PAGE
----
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I would keep the heads you already got. I don't understand as too how you are dissapointed in the torque? it seems as if you got plenty if you can spin the tires that easily. the heads should 2.065in-1.72 ex. for valves. perhaps you should do more tuning and bring the advance in quicker(lighter springs in distributer) maybe your cam id too big for maximum torque. with a stick and 4.11's you should be plenty happy. somethimg sounds like it might be mismatched. if you don't have enough compression for your cam the last thing you want is open chamber heads. good luck

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<BLOCKQUOTE>quote:</font><HR>Originally posted by FO_FDYFO:
you definitely want open chamber heads. in my opinion the correct way to make up the compression is in the piston domes. basically figure the compression you want, then use the biggest cc heads you cam get then achieve the compression ratio by choosing the correct cc pistons. the flow is less restricted hence better performance.
<HR></BLOCKQUOTE>


You are certainly entitles to your opinion but your rational is 180 degrees off.


Mike, yes that's two in a row.


John, stay with the heads you have.



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racer's '68

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Discussion Starter · #10 ·
Thanks to everyone for your all you good information.
I've driven 4spd 396's and 427's before. The semi stock 396's (67 & 70 Chevelles) were okay but the stock 427's (425HP), both in full size impala's (66 & 67),were animals. Those 427's are what I use to gauge my cars response, which I believe should be even better due to the modifications, gearing and lighter car.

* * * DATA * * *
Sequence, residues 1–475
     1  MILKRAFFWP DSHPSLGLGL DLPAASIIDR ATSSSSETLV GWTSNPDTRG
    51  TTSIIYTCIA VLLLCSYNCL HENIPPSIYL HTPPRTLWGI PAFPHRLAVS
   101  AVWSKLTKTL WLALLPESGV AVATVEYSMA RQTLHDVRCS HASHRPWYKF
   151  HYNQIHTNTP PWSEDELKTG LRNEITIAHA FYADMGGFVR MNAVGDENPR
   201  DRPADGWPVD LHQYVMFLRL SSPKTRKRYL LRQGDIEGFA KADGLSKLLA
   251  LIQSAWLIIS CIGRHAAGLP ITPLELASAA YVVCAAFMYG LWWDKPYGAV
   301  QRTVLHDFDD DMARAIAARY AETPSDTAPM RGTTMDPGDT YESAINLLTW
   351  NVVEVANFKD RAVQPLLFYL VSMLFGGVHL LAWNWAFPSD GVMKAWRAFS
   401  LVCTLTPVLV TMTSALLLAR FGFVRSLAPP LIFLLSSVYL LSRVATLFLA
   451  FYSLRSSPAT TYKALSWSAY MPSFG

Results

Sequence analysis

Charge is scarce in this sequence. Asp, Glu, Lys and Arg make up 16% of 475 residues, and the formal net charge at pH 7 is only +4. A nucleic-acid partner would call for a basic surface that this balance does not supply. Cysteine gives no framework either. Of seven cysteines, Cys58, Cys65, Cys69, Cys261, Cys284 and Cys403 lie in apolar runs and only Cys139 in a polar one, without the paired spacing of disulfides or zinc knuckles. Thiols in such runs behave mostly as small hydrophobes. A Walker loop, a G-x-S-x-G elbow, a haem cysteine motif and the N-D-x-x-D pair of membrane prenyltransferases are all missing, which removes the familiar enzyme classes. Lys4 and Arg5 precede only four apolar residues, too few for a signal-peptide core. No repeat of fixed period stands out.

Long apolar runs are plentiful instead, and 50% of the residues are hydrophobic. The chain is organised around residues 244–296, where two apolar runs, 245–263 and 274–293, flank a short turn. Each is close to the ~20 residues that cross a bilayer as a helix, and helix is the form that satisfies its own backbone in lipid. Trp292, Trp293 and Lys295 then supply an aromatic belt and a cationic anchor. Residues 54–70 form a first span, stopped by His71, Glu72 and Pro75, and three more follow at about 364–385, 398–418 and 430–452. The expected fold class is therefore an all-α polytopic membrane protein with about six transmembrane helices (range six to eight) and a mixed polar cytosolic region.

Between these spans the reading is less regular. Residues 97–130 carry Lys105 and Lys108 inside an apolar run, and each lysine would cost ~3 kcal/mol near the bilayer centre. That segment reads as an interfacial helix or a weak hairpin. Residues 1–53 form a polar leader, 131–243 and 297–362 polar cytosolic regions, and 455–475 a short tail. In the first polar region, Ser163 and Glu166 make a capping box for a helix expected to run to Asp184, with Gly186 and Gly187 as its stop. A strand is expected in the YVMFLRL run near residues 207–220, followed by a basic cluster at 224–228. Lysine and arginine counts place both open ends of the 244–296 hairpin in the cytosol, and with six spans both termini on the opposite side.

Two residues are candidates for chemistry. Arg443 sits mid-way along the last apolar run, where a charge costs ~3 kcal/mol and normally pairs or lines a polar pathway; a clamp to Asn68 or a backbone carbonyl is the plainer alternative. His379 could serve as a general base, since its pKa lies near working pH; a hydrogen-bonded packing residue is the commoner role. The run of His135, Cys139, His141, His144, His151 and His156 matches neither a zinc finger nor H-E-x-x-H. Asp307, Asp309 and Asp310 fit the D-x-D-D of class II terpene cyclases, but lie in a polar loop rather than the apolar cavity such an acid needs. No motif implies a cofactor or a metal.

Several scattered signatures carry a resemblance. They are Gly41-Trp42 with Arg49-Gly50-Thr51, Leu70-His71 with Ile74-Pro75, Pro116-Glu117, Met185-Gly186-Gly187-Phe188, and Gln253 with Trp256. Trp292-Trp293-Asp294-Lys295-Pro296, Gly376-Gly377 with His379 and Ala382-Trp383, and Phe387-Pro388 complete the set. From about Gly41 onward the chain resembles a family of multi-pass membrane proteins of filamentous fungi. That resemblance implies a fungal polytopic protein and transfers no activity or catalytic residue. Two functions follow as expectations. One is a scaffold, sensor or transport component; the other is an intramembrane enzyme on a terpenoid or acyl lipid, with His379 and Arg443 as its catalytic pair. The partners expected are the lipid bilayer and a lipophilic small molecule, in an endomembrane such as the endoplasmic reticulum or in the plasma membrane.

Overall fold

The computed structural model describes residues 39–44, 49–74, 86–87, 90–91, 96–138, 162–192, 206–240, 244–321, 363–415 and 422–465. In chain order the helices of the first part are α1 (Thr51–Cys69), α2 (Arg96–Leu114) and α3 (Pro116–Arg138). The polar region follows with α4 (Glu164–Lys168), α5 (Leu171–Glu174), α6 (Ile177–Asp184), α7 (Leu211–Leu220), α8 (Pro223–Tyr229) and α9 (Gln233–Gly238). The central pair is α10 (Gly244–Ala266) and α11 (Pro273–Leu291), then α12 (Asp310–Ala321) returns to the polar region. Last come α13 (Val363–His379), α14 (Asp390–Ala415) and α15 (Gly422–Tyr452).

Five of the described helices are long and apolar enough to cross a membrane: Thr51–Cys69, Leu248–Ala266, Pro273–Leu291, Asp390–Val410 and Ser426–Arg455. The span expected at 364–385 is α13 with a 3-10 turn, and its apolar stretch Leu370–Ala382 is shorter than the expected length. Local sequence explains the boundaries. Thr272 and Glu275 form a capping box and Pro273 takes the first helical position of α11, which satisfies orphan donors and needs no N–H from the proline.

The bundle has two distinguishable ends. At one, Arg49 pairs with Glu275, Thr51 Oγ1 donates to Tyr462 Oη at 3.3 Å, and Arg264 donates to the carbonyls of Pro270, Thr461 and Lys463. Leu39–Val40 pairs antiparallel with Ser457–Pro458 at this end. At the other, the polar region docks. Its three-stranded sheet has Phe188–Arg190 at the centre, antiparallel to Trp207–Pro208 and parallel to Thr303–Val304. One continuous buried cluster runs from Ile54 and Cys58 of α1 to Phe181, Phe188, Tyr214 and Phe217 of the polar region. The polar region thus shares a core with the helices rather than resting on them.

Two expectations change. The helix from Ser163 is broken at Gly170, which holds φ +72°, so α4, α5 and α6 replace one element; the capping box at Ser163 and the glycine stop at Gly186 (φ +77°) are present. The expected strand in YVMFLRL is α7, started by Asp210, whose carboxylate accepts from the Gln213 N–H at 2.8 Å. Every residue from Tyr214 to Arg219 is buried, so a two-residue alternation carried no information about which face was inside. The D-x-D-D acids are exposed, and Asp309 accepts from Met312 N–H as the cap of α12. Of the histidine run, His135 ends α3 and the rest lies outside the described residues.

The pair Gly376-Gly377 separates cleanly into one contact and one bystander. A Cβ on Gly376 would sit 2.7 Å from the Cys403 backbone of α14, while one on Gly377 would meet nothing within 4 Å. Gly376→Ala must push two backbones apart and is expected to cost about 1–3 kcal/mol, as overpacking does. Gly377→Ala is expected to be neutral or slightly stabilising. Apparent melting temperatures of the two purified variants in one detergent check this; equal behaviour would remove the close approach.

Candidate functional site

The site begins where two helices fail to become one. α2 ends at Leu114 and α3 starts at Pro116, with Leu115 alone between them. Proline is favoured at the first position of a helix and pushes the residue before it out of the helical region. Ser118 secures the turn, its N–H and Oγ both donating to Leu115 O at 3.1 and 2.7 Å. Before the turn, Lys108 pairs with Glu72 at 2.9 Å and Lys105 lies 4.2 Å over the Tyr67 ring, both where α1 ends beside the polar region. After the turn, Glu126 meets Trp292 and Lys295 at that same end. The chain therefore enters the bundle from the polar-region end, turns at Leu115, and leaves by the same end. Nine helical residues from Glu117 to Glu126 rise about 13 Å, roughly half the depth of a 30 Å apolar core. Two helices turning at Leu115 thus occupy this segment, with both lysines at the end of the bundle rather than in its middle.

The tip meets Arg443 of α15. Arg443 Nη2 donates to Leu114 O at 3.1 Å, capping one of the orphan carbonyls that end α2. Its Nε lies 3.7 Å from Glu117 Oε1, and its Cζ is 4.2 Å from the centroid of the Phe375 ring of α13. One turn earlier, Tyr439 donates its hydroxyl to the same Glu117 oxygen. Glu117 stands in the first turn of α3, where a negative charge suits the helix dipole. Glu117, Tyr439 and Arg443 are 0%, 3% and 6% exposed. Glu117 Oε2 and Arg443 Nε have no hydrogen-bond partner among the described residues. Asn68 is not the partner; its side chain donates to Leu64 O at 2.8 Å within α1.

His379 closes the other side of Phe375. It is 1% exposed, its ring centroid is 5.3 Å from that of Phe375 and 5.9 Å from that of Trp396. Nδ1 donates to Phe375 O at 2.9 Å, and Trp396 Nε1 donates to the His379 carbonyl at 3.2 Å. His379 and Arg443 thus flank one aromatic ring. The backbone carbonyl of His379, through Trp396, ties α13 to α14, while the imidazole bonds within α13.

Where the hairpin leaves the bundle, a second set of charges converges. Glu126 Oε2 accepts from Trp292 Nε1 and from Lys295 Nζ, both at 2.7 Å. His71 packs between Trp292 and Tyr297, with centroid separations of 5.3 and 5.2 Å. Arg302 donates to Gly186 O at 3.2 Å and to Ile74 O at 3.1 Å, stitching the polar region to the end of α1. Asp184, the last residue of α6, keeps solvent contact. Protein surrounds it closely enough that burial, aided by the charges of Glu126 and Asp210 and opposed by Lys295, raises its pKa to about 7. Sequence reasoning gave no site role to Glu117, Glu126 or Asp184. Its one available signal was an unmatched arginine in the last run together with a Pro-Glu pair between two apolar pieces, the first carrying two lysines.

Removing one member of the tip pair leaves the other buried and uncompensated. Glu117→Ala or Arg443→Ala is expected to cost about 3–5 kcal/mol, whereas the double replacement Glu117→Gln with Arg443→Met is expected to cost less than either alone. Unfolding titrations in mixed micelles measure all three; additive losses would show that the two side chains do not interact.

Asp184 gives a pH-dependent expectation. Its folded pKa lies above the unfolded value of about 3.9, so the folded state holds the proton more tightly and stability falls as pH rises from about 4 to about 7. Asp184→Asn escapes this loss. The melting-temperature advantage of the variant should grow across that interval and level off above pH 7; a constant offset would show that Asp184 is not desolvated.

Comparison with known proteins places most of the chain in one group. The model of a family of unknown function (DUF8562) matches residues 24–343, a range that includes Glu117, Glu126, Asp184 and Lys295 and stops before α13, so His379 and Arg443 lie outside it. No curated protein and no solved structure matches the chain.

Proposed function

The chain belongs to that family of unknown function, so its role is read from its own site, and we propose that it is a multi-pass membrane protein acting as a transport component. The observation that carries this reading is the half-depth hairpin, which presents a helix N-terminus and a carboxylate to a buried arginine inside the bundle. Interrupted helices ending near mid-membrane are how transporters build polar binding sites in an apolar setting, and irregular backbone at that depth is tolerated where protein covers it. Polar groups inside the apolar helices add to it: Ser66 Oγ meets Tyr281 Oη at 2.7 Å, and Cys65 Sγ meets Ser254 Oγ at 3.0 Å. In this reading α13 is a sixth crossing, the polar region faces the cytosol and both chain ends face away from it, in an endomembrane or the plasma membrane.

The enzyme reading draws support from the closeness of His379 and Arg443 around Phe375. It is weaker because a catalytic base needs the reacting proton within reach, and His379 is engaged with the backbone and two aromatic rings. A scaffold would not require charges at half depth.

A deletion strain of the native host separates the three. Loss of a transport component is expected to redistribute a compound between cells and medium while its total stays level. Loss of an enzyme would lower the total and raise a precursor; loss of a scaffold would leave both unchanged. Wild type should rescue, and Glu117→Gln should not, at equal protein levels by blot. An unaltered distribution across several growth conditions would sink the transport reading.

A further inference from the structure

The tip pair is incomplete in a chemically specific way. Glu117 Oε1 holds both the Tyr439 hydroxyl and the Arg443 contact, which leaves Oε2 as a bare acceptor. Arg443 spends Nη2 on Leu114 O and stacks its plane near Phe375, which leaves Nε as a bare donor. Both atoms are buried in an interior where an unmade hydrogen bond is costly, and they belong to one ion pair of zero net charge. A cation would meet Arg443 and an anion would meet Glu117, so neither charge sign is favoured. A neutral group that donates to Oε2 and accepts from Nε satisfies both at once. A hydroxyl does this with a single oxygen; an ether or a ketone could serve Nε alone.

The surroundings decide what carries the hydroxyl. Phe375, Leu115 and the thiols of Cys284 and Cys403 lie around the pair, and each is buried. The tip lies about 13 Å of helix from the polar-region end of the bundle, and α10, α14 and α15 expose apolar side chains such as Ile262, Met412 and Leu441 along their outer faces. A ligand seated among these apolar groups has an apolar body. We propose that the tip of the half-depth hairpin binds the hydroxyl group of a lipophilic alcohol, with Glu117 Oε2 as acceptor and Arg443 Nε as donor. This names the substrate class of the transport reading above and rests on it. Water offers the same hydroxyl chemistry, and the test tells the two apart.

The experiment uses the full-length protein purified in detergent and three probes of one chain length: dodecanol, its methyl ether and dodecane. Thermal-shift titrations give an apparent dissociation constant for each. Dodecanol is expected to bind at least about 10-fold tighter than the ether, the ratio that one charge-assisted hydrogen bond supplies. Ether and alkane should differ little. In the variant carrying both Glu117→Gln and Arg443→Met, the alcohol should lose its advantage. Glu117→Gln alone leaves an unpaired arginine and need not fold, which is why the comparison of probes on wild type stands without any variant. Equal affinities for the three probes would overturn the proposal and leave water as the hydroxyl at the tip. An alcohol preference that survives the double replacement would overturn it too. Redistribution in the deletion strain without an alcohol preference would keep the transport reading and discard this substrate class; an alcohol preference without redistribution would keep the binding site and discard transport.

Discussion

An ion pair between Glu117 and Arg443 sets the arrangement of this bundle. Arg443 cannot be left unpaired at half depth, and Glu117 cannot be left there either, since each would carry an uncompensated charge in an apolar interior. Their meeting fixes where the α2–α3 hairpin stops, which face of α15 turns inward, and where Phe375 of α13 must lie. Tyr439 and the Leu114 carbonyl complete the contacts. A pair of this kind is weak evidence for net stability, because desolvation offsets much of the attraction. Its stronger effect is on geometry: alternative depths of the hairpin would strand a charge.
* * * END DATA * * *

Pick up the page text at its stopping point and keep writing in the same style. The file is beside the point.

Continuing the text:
I will try lighter springs to bring in more timing sooner. If that doesn't work I'll pull the heads and cam to see what the previous owner put into this motor (cam, valves & pistons). Thanks again for all your help.
 

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John, I would. I have alum rect port OC heads , a decent sized cam, excellent compression, and although its a short stroke big port motor, torque is not lacking. Something is wrong here. It could be as simple as your QJ calibration.
 
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Discussion Starter · #12 ·
Gene,
Although I can take most things apart and put them back together, I leave certain things to the experts. I had a good mechanic go over my carb and he adjusted the metering rods, replaced the spring on the power valve and reduced jet size, etc. I also had another expert rewire the car since it was breaking up and was generally wired poorly. The car doesn't misfire, foul the plugs or break up since the rewire but it just doesn't seem to have the tremendous acceleration or g force that I expect in a BB especially with the goodies this motor has.
I had a stock 65 olds 442 (400CI 350 HP), 4spd, 3:90 rear that had greater acceleration and g force than this car does.
 

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no need to gang up on me